In between The City and The Venetian Room, my memories are of

    Charles on film -- do you remember him as the Queen of England in Joan Rivers' "Rabbit Test?";

    Charles at Davies Symphony Hall with the San Francisco Gay Men's Chorus -- imagine the reaction when "Bette Davis" was told that, because of the fire code, she couldn't smoke on-stage!;

    Charles singing (to the tune of "Brazil") -- "Brassieres. They're on the second floor at Sears."

    Charles at Freddy's Supper Club in New York City -- served a drink that was, apparently, unsatisfactory, Charles sipped it, cried out in disgust and threw the nearly full glass across the room. He then said to all of us, in his low, sultry voice, "Don't you wish you could do that at your job?"

    Charles as Katharine Hepburn -- singing "Always Mademoiselle" and moving well beyond impersonation into the realm of great play acting.

He was, to me, more than funny, more than outrageous -- he was the epitome of the class act.

At the end of many of Charles' shows, I remember him asking the musical question, "Want to buy an illusion?" It took me years to understand he wasn't singing "to buy" meaning "to purchase" but, rather, "to believe in." Watching him then, a smile would come to my lips and a tear to my eye.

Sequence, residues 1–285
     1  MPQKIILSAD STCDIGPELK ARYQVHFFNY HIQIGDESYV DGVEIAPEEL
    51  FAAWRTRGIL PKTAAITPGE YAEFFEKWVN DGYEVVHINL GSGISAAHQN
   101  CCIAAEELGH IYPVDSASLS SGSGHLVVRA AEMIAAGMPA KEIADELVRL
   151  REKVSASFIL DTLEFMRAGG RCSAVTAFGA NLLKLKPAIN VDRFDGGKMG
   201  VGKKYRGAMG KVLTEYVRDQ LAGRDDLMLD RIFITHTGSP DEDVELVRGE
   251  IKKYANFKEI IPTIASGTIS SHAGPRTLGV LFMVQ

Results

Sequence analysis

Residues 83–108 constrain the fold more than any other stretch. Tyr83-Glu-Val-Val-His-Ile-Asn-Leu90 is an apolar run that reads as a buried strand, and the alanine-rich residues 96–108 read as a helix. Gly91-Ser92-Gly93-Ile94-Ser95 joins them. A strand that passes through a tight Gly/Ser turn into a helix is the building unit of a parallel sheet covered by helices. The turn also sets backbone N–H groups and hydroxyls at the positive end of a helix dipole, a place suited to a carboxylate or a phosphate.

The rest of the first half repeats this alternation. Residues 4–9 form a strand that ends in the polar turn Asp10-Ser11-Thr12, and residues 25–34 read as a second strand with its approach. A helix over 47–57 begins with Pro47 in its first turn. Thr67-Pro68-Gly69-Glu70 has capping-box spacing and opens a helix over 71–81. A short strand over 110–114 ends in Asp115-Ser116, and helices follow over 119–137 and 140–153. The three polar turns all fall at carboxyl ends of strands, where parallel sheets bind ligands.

As the song ended, Charles would sing,

So it was.

Frank Fontana
New York City
October, 1999

I discovered, only after Charles died, that Kevin Bochynski has created a Charles Pierce Web site that is really wonderful. You can find it here:

And Peter Mintun has written a lovely tribute that can be found at the Web site of The Museum of The City of San Francisco:

I extend my thanks to Joan Edgar, Kirk Frederick and Jim Reiter, and to Fritz Jude Jeanniton, Graphic Designer at The Fairway Market, for their gracious assistance in preparation of this piece. (Fairway employee Steven Jenkins selected all the quotes for the window display.)

To contact the author by e-mail, click here.

Copyright © 1999 Frank Fontana & Manhattan Live Performance